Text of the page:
I called a local cleaning company who said they couldn’t tackle something that severe. I asked several people at school, including our school social worker. She agreed that social services should pay them a visit, but her only suggestion for the bed bugs was to either move or get the landlord involved. The student had already told me they tried that avenue. They couldn’t afford to take the landlord to court when she refused to help. She said it was their issue. And I’m still not really sure I disagree.
Well, a couple of days later I was talking to my parents and told them the story. In normal storytelling conversation, I asked if they had ever heard about anybody who could clean something like that pretty cheaply. They hadn’t, but my mom said what I always expect her to say. She has a heart the size of Jupiter, and she offered to pay for it.
Therein lay my dilemma. Where did teacher stop and something else start? I can’t even define what that “something else” is because if you’re offering to pay a few thousand dollars to help rid a student’s house of bed bugs when you’ve never so much as met the mother, it’s somewhere in the best friend / relative / savior zone. So I told my mom no. That’s not my job or hers.
I’ve thought back to that story a few times over the years. I’ve never once given a student money, and I don’t plan on ever doing it in the future. I’ve given them food a few times when I had some cheap snacks and they claimed to be hungry, but I don’t even keep snacks at work anymore. I don’t think that’s my job.
Some may argue with me on this, and that’s fine, but hear me out. I work in a high school with over 80% poverty. Almost ALL of them have needs up to and including bed bug removal. Almost ALL of them don’t get the diet they need, and some of them only eat at school.
Some kids live with ten people in a two bedroom shack with no electricity and shoddy plumbing. Some live with relatives and they just sleep on a pallet in the corner of the den. I had one kid that claimed to live in his dad’s car. Because his dad didn’t want him in the house!! Another told me she locked herself in her room every day when she got home from school and did not come out even to use the bathroom until the next morning because she was afraid her mother’s boyfriend would abuse her.
In other words, if I had the kind of heart that wanted to bail everybody out, I would be the one needing to be bailed out. How is that fair to MY family?
You know what else? I have had no fewer than a hundred kids come to me over the years asking me to buy something to support the band or a field trip or FFA or any number of other fundraising opportunities. Have I supported them? Yes. ONE time.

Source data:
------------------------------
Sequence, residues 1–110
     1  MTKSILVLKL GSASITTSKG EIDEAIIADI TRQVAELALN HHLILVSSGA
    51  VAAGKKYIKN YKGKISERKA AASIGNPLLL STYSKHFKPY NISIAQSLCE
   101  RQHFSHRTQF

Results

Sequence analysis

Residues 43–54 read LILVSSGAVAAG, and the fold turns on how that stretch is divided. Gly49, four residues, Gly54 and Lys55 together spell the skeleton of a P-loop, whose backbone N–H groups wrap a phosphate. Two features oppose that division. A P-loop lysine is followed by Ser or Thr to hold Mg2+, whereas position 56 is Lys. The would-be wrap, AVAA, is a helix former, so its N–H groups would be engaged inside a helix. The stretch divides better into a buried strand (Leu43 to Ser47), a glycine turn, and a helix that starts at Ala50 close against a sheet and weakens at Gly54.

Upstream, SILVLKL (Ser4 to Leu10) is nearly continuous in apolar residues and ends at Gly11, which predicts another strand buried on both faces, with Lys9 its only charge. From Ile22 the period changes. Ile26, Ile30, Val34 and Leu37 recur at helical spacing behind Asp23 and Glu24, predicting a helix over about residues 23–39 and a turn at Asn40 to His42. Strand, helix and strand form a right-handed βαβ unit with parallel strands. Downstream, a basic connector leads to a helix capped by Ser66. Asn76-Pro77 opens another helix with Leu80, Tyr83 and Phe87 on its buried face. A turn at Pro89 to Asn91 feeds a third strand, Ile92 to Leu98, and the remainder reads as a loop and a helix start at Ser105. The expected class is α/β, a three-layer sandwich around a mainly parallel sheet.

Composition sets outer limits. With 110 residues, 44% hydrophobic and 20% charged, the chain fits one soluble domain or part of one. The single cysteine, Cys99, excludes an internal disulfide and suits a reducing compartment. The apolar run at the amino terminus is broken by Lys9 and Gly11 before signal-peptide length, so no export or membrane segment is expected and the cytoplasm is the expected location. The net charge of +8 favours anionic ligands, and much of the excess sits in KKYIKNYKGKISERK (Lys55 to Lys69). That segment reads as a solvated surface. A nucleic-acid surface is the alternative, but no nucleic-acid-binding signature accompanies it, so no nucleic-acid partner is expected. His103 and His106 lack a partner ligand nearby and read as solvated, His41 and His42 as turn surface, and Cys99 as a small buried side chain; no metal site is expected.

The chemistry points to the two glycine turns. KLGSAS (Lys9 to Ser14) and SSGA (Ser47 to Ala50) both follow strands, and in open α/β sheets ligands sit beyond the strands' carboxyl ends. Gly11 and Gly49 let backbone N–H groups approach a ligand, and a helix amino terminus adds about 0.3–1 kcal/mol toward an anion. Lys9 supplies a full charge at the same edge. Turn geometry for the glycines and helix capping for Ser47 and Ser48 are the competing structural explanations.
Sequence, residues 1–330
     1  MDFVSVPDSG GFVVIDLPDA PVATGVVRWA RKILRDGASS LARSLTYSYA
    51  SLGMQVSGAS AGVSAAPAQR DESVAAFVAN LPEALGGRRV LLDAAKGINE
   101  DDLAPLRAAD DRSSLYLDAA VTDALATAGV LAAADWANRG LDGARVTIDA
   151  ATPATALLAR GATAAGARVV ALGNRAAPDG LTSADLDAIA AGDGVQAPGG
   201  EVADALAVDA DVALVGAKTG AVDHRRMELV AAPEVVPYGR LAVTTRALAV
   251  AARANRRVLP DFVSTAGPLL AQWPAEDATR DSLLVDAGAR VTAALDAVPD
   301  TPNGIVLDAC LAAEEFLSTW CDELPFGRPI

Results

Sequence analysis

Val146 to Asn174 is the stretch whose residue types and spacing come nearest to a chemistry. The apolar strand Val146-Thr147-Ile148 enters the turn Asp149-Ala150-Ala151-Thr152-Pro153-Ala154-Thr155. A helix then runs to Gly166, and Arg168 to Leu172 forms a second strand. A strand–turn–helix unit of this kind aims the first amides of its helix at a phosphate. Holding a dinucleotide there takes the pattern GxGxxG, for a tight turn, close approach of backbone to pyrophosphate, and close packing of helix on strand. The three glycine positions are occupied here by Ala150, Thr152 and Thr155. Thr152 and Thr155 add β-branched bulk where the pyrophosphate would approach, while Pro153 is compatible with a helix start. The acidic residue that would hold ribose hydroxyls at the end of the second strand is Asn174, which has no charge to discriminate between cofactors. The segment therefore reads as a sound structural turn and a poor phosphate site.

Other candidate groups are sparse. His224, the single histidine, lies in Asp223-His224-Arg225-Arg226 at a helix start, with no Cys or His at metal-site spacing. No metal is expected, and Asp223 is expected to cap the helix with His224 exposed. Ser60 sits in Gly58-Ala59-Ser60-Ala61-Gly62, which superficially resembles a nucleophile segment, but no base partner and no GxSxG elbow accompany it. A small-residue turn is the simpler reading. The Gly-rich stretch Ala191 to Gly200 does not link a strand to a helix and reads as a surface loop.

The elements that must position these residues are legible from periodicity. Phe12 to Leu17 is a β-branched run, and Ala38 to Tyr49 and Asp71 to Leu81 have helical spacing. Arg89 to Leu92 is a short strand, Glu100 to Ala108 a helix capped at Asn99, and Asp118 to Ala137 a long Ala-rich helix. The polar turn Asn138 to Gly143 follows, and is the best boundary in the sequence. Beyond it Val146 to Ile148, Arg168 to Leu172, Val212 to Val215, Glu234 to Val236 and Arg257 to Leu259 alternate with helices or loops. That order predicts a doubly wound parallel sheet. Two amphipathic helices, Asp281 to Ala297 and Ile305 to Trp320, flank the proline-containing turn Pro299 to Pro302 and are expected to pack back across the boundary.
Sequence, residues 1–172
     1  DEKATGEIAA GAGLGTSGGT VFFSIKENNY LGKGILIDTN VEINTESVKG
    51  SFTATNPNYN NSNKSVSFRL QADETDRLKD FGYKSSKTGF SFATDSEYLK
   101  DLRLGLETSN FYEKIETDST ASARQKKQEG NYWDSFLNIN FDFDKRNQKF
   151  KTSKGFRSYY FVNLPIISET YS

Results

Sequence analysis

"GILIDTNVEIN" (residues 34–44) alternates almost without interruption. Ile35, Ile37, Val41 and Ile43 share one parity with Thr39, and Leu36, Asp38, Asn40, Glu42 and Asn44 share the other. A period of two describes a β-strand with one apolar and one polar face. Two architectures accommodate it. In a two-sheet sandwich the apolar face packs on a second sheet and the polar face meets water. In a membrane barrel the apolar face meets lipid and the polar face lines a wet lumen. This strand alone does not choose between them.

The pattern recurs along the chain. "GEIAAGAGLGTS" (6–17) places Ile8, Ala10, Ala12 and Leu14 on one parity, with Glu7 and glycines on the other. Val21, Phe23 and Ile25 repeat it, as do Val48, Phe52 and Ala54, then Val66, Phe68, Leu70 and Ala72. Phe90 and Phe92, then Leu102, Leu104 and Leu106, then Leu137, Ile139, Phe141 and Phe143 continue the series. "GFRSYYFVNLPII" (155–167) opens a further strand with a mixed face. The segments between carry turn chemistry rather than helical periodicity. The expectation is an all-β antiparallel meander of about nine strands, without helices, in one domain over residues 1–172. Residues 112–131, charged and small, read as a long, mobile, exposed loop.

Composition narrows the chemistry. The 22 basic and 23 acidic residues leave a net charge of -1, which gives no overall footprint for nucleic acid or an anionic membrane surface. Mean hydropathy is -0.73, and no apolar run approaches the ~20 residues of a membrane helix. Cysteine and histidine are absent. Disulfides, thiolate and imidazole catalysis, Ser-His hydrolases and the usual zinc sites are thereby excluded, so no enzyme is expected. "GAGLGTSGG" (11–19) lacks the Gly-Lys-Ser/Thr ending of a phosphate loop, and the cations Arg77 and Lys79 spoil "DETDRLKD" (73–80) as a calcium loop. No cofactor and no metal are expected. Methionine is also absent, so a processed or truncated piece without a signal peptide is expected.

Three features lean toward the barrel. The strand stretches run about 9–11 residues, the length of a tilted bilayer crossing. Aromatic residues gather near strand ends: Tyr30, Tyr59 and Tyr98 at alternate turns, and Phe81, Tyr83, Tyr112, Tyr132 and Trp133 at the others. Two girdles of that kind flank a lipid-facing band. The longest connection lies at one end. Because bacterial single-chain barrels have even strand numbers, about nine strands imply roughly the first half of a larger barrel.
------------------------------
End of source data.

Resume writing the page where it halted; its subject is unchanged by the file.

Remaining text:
Every time a student comes to me and asks if I’d like to buy a raffle ticket for this or a box of oranges for that, I ask them one simple question. “If you can tell me exactly how much you would earn off of my contribution to this fundraiser, I’ll give you that amount. Because I don’t want the oranges.” Exactly ONE kid has come back to me in six YEARS and showed me the profit they would be collecting off of their fundraising efforts. I remember I gave him $3. There hasn’t been a single person other than him that has cared enough or taken the initiative to ask a simple question of their teacher or club advisor.
But think about that for a moment. It shows you something about handouts. It shows you that students do not want to work for the money. They literally just want a handout. My money is important to them, but it’s only important because they have to put in extra effort should I say no. It also means that even if I had given it to them, I would be immediately forgotten.
I can just hear the kids leaving my room saying, “Hell yeah, I got his money. Next!!” Makes you feel kinda used, doesn’t it?
This, of course, did not apply to the kid with bed bugs. He wasn’t asking for a handout. I simply had the opportunity to offer it because my mom has the heart of a dozen philanthropists. I chose not to, and I do not regret that even the slightest bit. Think about it this way. If you had bed bugs, would you ask for help or would you do everything in your power to rid your house of bed bugs, even if it meant sleeping in a tent for a month while the bed bugs inside were dying?